Robert Monroe is an award-winning journalist and senior science writer at UCSD's Scripps Institution of Oceanography. As a newspaper reporter, Monroe covered city government, the courts, business, science and technology, writing for the Inland Valley Daily Bulletin (Ontario, Calif.) and the Daily News of Los Angeles. His stories have won awards from the Society of Professional Journalists, the California Newspaper Publishers Association, and the Associated Press.
In 2000, Monroe jointed the staff of Scripps Institution of Oceanography's Explorations magazine where he reports on scientific developments in oceanography and earth sciences.
Hurricane Sandy blasted the East Coast last month with a fearsome and deadly deluge. A Scripps Institution of Oceanography, UC San Diego-led team published research a few days later that continues the steady trickle of evidence that flooding like the kind Sandy brought is about to become more common.
The oceans between Japan and the Horn of Africa include disputed territorial waters, pirate-infested regions where insurers refuse to cover Scripps Institution of Oceanography research vessels, and coastlines experiencing the world’s most tangible effects of climate change. These conditions put our nation’s security at risk.
One of the lesser-known superlatives about San Diego is that it is home to the largest oceanographic research fleet in the United States. Hard times have pared back so many university-based fleets around the country that Scripps Institution of Oceanography, UC San Diego has what may be the last great fleet in America.
Time is money and that is perhaps no more evident than in the world of shipping. FedEx founded a whole service industry niche on the concept of overnight delivery and the company name has become a verb but in terms of the dollar value of timeliness, the maxim is most profoundly at work in the world's ports.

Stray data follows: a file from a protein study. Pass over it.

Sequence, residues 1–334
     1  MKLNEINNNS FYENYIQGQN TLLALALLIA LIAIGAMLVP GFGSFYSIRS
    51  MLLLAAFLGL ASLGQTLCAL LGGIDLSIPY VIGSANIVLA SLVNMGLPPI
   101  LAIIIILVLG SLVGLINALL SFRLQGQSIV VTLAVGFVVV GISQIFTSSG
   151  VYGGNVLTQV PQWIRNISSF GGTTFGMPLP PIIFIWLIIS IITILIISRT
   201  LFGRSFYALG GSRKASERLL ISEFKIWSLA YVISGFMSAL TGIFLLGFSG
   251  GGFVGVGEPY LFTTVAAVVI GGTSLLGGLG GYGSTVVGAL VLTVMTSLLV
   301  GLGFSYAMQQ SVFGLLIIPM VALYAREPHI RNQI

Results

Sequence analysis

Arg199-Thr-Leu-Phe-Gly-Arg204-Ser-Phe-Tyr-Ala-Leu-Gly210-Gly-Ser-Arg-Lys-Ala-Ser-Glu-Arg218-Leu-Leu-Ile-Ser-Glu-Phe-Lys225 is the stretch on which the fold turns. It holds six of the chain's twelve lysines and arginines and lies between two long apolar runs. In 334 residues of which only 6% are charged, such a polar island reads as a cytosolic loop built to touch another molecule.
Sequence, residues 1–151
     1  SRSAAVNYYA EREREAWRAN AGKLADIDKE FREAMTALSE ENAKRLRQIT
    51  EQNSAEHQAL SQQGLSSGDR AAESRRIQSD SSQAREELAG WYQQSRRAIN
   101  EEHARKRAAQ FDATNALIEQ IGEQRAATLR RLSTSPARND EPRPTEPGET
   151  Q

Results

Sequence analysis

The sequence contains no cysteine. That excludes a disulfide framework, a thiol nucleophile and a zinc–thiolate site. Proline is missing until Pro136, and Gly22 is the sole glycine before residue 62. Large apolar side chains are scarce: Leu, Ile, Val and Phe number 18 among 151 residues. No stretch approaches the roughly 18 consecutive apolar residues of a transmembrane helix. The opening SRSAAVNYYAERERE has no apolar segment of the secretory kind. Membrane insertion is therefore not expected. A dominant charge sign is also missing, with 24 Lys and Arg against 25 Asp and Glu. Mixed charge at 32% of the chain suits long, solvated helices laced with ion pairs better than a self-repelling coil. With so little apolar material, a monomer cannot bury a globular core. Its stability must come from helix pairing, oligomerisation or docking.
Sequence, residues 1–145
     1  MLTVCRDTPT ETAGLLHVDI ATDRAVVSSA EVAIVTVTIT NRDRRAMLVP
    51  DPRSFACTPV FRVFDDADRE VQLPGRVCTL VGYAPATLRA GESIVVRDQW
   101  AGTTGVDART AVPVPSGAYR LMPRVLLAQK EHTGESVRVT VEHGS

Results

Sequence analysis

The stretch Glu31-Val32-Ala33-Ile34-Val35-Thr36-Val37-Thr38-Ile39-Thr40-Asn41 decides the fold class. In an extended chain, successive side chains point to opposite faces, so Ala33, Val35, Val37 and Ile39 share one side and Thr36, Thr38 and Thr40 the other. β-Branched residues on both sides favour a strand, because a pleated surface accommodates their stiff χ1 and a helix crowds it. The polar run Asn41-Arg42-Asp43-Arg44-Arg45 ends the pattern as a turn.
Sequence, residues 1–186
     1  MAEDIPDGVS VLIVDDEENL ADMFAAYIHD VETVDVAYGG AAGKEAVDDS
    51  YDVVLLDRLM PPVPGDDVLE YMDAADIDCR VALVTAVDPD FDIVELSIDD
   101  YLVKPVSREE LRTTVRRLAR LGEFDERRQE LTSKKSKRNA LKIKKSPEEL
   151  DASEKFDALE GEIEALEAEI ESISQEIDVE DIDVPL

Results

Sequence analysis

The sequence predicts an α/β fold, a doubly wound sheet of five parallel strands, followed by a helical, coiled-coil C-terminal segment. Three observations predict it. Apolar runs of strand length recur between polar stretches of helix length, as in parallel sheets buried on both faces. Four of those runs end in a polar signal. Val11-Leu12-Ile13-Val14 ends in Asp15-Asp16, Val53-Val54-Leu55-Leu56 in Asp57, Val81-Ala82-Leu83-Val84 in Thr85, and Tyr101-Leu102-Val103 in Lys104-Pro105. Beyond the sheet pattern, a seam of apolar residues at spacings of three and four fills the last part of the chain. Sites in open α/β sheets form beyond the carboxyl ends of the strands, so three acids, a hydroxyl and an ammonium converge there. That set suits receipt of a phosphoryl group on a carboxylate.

When I left a newspaper reporting job to join Scripps Institution of Oceanography 10 years ago, I was headed to a place where I knew a reporter could go and not feel like he'd just sold his soul to the devil. You see, journalists are taught from an early age that PR is inherently evil.
In Cabo Pulmo, Mexico, the local fishermen are the guardians of the 12,000-acre marine reserve they fought to have established in 1995.
Jeremy Jackson, a marine ecologist at Scripps Institution of Oceanography, UC San Diego, recalls leading an investigation into the effects of two oil spills off the Panamanian coast in the late 1980s.
Maj. Gen. Anthony Jackson is the commanding general of Marine Corps installations in the western United States, an entity that has gone as green as the service uniform he wore to a recent state Senate hearing at Scripps Institution of Oceanography at UC San Diego.
For an El Niño signal that was supposed to have a much smaller amplitude than those of monster events in 1982-83 and 1997-98, this year's is nonetheless garnering a few superlatives of its own.
Copenhagen is a bust.
An American president must envy monarchs like His Serene Highness Prince Albert II of Monaco.
Two items in the news this week illustrate that there is no true "wilderness" left in the world but that which is wild does have a remarkable capacity for resilience.